It is held in this Commonwealth that a verdict will not be directed for a party unless the evidence when construed most favorably to the opposite party would not warrant a contrary verdict, or unless evidence by which such opposite party is bound would make impossible a verdict in his favor. Salem Trust Co. v. Decry, 289 Mass. 431 , 433. The alleged facts upon which Lang relies as justification for the discharge of the plaintiff are as follows: (1) withdrawal by the plaintiff of $6 a week in addition to his regular salary; (2) withdrawal of $10 or thereabouts from the cash drawer as overtime pay; (3) charges of $10 a month to the company for garaging its car in the plaintiff's own garage after officers of the corporation disapproved of the practice (4) contributions made by the plaintiff to the Young Men's Christian Association, the Boy Scouts, and the Unitarian Laymen's League, in vio-
lation of orders; and (5) use of the credit of the Consolidated Press Company for the benefit of the Mansfield Printing Company in disobedience of instructions.
With respect to the 36 withdrawal, the plaintiff testified on cross-examination that the withdrawal was a continuance of the practice in Columbus Press, Inc., whereby he had received $6 a week for sales expense, that is, for development of sales; that he received no special authority to do so; that it was an item of sales expense and it was so expended, possibly not all of it in each week, but he felt at liberty to expend it for that purpose if he wanted to; that practically all the expenses that he could recall at the end of the day or at the end of the week were represented by petty cash slips, on which he received cash in addition to the $6 a week. He testified on redirect examination "That after he went into this consolidation he was too busy to keep a record of every telephone call or carfare or the giving of a cigar or anything of that kind: that the $6 sales charge had a relation to small items of expense incurred by him." Although the testimony of the plaintiff was somewhat inconsistent and confused with reference to the $6 withdrawals, it cannot properly be said as matter of law that he made any admission that he deliberately and fraudulently withdrew money in addition to his salary, which was not to be used, or to reimburse him, for expenditures on account of corporate purposes. Gold v. Spector, 247 Mass. 110 . At all times these withdrawals apparently appeared in the accounts. There was nothing in the plaintiff's testimony to show that he was conscious of any wrongdoing in relation to these withdrawals, and he made no attempt to deceive anyone with respect to them. It was a question for the jury on all the evidence whether these withdrawals justified his discharge. Carpenter Steel Co. v. Norcross, 204 Fed. Rep. 537. Loos v. Geo. Walter Brewing Co. 145 Wis. 1, 5-6.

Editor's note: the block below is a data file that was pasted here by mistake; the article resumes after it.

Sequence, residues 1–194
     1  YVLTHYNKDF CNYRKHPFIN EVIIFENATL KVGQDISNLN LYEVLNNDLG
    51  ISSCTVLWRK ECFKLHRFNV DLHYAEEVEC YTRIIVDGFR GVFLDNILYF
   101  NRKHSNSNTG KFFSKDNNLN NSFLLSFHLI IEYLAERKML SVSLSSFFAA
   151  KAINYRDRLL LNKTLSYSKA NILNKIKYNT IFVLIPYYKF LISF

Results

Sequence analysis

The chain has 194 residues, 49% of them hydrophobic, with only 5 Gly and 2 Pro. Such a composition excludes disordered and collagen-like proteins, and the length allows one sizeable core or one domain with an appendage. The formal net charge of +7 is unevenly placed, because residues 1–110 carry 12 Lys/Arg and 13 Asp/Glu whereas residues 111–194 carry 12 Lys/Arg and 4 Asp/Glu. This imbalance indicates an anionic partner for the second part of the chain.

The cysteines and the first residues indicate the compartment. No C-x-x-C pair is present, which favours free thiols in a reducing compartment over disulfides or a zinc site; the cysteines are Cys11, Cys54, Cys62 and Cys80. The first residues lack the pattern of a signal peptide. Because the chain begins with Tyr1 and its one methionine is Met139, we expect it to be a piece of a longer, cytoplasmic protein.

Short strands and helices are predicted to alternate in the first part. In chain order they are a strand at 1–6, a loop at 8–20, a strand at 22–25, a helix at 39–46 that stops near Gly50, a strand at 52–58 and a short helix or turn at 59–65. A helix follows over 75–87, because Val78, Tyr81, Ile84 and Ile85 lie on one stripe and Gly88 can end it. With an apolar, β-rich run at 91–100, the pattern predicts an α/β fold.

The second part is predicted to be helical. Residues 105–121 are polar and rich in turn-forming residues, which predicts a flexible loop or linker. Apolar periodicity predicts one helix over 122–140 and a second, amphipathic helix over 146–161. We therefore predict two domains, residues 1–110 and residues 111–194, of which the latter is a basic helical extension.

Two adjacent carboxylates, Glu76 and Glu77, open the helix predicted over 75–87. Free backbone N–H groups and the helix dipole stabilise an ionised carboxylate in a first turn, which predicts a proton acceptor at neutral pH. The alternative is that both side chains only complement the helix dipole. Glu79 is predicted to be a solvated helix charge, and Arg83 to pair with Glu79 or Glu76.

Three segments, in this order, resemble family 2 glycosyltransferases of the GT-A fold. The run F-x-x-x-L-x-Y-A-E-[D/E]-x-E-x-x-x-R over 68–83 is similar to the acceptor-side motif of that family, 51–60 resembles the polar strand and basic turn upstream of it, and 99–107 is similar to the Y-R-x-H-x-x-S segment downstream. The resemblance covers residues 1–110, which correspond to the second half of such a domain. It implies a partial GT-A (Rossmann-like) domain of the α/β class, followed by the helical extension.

Similar considerations apply with respect to the money which the plaintiff is alleged to have withdrawn for overtime work. He testified on cross-examination that he was not absolutely sure whether or not there were two occasions
when he did some special evening work, and received $10 therefor. Other testimony tended to show that he had received money for overtime. So far as the other evidence tended to show that money had been received by the plaintiff for overtime, it was in the form of withdrawal slips with the plaintiff's initials on them. It is manifest, therefore, that there was no attempt at deception on the part of the plaintiff, and the jury could properly find that he felt he was entitled to these sums. It was for them to determine whether these withdrawals constituted misconduct which justified the plaintiff's discharge. Carpenter Steel Co. v. Norcross, 204 Fed. Rep. 537.
The evidence relating to the question of the plaintiff's charging $10 a month for garage rent for the automobile of the company does not establish such insubordination, as matter of law, as to justify the plaintiff's discharge. The plaintiff testified that at a meeting on May 20, 1931, the question arose relating to garage rent which he was charging the company for its automobile; that he never was instructed by the directors in so many words to refrain from taking such rent; that he felt justified in collecting it, and had done so for at least five years while with the Mansfield Printing Company; that he intended to collect the rent as the directors had not passed a vote nor instructed him not to do so, but to stop when they ordered him to do so. The defendant Lang admitted that, if the automobile was placed in an ordinary public garage in Melrose, it would cost at least $10 a month and possibly more. There was no provision made for placing the automobile in a garage. The question of the propriety of this charge as it related to the justification for the discharge of the plaintiff was for the jury, which could have found that he never was expressly instructed not to take the rent, and that in the circumstances he retained the money in the honest belief that he was entitled to it. Hanneman v. I. Shlivek & Sons, Inc. 235 Mass. 317 , 318, 319. Gold v. Spector, 247 Mass. 110 , 111.
As to the other grounds claimed by the defendants to justify a discharge which involve primarily allegations of insubordination and disobedience, it is to be considered
that one holding a position of responsibility requiring the exercise of power is not bound to as strict adherence to directions of superiors as one in an employment involving the exercise of less responsibility and discretion. Crabtree v. Bay State Felt Co. 227 Mass. 68 , 70. See also cases collected in L. R. A. 1918 C, 1030, 1032.